Around 4:30 in the afternoon on Saturday, the Trump White House officially introduced the world to “alternative facts” by claiming that Donald Trump’s inauguration was the most watched and most attended inauguration in the history of the nation. This announcement went unnoticed by me at the time because I was standing with 499,999 of my closest friends at the edge of the South Lawn, saturating cellphone networks to the point where phones no longer functioned – forcing us to talk amongst ourselves instead of scrolling through news feeds….

Sunday afternoon I decided to further investigate what our data and models had to say about inaugural crowds. In other words, here are some alternative facts backed by petabyte-scale data and the same statistical methods that underlie medical diagnoses. In particular, I was curious to know how inaugural visitors broke down along state and partisan lines. Where did Inauguration Weekend visitors come from? Previously, I demonstrated that Hillary Clinton voters were outnumbering Trump voters, but was this case for every state? What about 3rd party and non-voters?

I found that attendees came from every state in the nation. In aggregate, Clinton’s delegation accounted for 43% of all visitors whereas Trump’s voters made up around 25% of all out of state visitors to DC this weekend. Coming in next were third party voters with 17%, followed by non-voters with 15%. Put another way, the majority of people who came to DC for Inauguration Weekend did not vote for President Trump. Note that this analysis does not include DC residents, which would further tip the scales towards the opposition.

This general pattern was largely consistent state by state (see below figure), and for no state were Trump voters the clear dominant group under an “us-vs-them” lens. In fact, I only found Trump majorities in Iowa, Kentucky, Louisiana, Mississippi, North Dakota, Utah, Vermont, and West Virginia. Truth be told, Kentucky and West Virginia are the only states with robust sample sizes and a substantial majority relative to Clinton voters, with a ratio of around 1.4 Trump voters for every Clinton voter. What about the Rust Belt collation that put him in the White House?  Florida?  North Carolina?  These “alternative, Big Data facts” point to an overwhelming anti-mandate among the citizens that traveled to Washington.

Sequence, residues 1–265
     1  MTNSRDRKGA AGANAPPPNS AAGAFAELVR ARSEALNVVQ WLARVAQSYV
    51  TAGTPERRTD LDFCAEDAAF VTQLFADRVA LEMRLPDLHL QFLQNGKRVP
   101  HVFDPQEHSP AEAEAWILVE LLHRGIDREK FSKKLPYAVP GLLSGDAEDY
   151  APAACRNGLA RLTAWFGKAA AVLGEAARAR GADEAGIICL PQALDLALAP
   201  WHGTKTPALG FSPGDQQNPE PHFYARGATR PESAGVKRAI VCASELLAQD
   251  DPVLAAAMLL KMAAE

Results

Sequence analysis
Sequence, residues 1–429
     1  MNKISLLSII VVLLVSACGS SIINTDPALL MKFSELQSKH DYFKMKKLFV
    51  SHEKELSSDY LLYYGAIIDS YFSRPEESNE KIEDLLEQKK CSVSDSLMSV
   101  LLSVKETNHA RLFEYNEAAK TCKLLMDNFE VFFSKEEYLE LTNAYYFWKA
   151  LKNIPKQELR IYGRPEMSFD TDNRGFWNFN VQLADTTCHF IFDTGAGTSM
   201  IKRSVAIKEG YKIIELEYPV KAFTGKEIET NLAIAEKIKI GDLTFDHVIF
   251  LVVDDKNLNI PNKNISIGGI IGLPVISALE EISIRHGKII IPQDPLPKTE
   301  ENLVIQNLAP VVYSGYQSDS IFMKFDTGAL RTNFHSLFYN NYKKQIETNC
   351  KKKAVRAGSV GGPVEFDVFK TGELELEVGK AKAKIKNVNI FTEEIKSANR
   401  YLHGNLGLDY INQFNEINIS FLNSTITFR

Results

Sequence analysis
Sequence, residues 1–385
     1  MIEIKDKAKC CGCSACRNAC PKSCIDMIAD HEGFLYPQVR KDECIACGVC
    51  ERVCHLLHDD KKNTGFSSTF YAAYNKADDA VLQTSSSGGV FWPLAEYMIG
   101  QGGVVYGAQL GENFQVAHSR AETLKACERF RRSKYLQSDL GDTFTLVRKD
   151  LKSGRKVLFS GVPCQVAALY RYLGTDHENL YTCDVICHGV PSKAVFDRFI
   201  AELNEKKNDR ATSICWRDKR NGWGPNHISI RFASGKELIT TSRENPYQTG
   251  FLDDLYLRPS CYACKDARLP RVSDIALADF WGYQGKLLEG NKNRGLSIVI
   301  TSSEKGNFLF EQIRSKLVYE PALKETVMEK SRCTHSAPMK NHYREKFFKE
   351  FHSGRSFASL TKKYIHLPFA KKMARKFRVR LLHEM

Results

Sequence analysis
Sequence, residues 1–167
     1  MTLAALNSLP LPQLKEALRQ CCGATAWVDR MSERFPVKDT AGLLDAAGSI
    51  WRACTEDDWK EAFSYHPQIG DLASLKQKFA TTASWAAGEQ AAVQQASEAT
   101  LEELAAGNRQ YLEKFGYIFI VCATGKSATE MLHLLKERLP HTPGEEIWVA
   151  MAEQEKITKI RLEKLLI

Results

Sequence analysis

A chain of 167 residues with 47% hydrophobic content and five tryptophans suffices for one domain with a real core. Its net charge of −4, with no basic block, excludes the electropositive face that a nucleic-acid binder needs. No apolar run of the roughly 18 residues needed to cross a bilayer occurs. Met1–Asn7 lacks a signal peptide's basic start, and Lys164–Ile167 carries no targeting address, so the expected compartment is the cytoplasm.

But that beaming signal of rejection belies subtleties that characterize the current state of the anti-Trump movement: the legions of protesters who assembled were not only drawn from across the United States, they were also drawn from across a spectrum of progressive issues. Our data shows the top issues for protesters were women’s rights, civil rights, refugee rights and environmental rights. It’s obvious that these interests did not form a viable electoral coalition in November and it will take an incredible effort to maintain and cultivate them until at least mid-term elections.

This weekend also demonstrated the news media has begun to adopt novel strategies for reporting on the Trump administration including restricting live coverage and much more direct responses to commentary that dovetails from reality. Indeed, there’s no disputing that subscriptions to major news outlets including the New York Times and the Washington Post are on the rise. But will any of these new strategies and new viewership matter if they are not breaking into populations of citizens who preferentially consume “alternative facts?”

What does all this mean and where do we go from here?  Whatever your political leanings are there’s no disputing this weekend was a historic one. For those who traveled out of rejection, the path forward is beset with substantial challenges – be it motivating and keeping a diverse base on message, expanding media consumption into non-traditional audiences, or challenging in real-time the administration’s facts. For those who traveled out of support or stayed home to watch, the challenge remains in keeping the Trump base mobilized, supportive and protective of the administration’s claims and strategy in the face of a mainstream media that’s off to a rocky relationship with the president and eagerly prepared to challenge the administration at the podium.

We are ready to tackle all these, and more.

What alternative facts do you prefer?

Dr. Daniel Scantlebury is a Data Scientist at Resonate